Many of you have honey in your kitchens. Think for a moment about how honey is created. It starts with worker bees completely and wholeheartedly dedicated to the success of both the hive and the queen bee’s vision. The worker bees trust the queen bee absolutely. Usually, the hive is able to thrive, even in a difficult environment (check out the USDA’s examination of “colony collapse disorder“).
Creating high levels of employee drive and commitment is what makes a culture leader truly effective. Blanchard’s research indicates that when employees trust and respect their leaders, it increases their willingness and commitment to apply their “heads, hearts, and hands” in the service of the company’s goals and values.
Engaging employees’ skills and spirit is complicated by a culture change, because the process of refining an organization’s culture often requires changing embedded structures, services, systems, and even power and control. Trust and respect can be difficult to create or maintain if staff believe they are giving up more than they gain.
Culture Leaders Need to Have the Courage to ASK How Changes Are Perceived
If you follow me on Twitter (if you don’t, I’d love for you to), you know that my tweets guide leaders to be more available, more transparent, and more connected to their staff and customers. In the midst of culture refinement, this approach is even more critical. There is nothing worse than a leader who is disconnected from their employee’s experiences, who doesn’t know the frustrations that employees experience trying to get their company’s product or service delivered.
Two proven methodologies can keep leaders connected: truth-tellers and scouts. Truth-tellers are players that the leader trusts to tell the leader the truth – boldly and assertively – about what the buzz is in the organization about policies, practices, changes, etc. Sometimes those truths are not “self-evident.” Sometimes those truths are hard for a leader to hear. Truth-tellers are trusted advisers who can help the leader understand employee perceptions, understand how policies or procedures are viewed, and understand employee frustrations.
Truth-tellers can include direct reports, executive coaches, and even front-line staff who are unafraid to bring the leader their perceptions.
Leaders must have the courage to embrace the information truth-tellers provide, and to modify actions and communications to reflect the reality across their organization. Leaders who “shoot the messenger” – who chastise the truth-teller for telling the truth – will find themselves isolated from reality, getting only “good news” from subordinates who are afraid to tell the truth.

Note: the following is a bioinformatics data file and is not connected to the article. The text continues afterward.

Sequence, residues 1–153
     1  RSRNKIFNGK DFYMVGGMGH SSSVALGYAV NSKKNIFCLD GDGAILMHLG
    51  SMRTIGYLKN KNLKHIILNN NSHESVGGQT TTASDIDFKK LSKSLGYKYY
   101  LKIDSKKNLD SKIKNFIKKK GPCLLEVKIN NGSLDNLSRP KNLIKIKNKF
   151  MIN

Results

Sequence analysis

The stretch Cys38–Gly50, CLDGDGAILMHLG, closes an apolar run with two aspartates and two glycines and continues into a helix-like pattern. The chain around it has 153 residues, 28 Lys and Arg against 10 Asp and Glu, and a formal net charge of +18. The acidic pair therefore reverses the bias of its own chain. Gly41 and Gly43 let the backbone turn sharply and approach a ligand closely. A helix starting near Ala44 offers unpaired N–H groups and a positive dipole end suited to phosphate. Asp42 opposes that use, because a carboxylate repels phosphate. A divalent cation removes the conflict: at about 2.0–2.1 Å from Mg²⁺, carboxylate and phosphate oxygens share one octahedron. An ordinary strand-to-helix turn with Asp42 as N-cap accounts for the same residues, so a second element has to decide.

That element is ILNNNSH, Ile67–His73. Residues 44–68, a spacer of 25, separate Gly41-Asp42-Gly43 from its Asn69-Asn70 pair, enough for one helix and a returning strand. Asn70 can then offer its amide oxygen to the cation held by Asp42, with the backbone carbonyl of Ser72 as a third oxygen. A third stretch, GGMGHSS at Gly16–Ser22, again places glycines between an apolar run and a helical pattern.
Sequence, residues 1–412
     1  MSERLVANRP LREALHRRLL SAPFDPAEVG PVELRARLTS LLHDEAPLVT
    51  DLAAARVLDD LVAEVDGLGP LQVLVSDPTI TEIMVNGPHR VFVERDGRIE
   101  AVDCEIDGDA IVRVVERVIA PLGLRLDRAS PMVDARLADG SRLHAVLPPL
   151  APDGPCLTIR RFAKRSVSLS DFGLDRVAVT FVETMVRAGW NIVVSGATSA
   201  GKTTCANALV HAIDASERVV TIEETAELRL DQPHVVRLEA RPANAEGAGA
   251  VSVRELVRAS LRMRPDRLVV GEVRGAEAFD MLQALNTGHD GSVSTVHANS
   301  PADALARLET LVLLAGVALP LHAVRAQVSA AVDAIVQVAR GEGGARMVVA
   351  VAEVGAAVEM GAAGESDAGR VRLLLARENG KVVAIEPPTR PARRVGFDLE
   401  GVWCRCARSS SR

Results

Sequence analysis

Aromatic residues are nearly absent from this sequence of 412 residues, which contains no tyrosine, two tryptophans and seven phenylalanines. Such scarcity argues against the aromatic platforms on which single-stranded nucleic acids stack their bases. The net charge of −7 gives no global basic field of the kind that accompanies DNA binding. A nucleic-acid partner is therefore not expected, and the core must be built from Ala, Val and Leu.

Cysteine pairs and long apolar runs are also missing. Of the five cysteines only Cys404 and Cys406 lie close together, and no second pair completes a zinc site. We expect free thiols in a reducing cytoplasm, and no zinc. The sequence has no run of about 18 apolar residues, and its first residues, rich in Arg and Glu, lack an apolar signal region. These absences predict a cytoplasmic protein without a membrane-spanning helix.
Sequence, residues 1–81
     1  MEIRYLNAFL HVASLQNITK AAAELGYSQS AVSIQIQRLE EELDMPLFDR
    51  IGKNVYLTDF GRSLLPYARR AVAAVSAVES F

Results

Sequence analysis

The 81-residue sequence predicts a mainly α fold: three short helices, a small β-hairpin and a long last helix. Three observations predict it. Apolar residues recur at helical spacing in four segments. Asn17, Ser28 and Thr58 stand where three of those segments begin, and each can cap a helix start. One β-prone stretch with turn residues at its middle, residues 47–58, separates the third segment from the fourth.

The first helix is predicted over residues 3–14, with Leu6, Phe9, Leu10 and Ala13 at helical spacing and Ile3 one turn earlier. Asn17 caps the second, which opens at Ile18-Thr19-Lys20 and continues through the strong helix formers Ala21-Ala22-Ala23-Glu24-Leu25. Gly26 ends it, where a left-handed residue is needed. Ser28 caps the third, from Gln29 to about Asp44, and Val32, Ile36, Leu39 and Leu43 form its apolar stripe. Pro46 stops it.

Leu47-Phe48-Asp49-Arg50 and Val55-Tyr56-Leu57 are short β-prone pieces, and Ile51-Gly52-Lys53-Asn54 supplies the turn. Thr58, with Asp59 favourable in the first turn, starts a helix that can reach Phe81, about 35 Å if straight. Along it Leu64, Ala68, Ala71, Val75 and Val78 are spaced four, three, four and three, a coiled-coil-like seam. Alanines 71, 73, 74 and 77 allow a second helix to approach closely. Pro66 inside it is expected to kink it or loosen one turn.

Scouts serve a similar role. Scouts are players dispersed across the organization (literally and figuratively) who are responsible for letting senior leadership team members know the buzz from the front lines. Scouts might be seen as “truth-tellers in training,” because if they do their job well, they earn senior leaders’ trust and respect over time.
These informal yet vital channels help the culture leader stay “in tune” with how staff across the organization see leaders’ plans, decisions, and actions – and if they are aligned with the organization’s stated vision, purpose, and values.
Do You Have the Courage to Learn Everyday?
In a recent issue of Rolling Stone magazine, actor Garry Shandling was discussing the powerful impact that his acting teacher had on Shandling’s “craft.” Years ago, this teacher asked Shandling, “Do you have the courage to learn something about yourself when the cameras are rolling?”
Effective leaders – and culture leaders, particularly – have the courage to learn something about themselves while they are actively guiding the efforts of organizational members.
To increase your leadership effectiveness, seek the truth and modify your organization’s practices to align with it’s espoused vision, purpose, and values.
Disclosure of Material Connection: Some of the links in the post above are “affiliate links.” This means if you click on the link and purchase the item, I will receive an affiliate commission. Regardless, I only recommend products or services I use personally and believe will add value to my readers. I am disclosing this in accordance with the Federal Trade Commission’s 16 CFR, Part 255: “Guides Concerning the Use of Endorsements and Testimonials in Advertising.”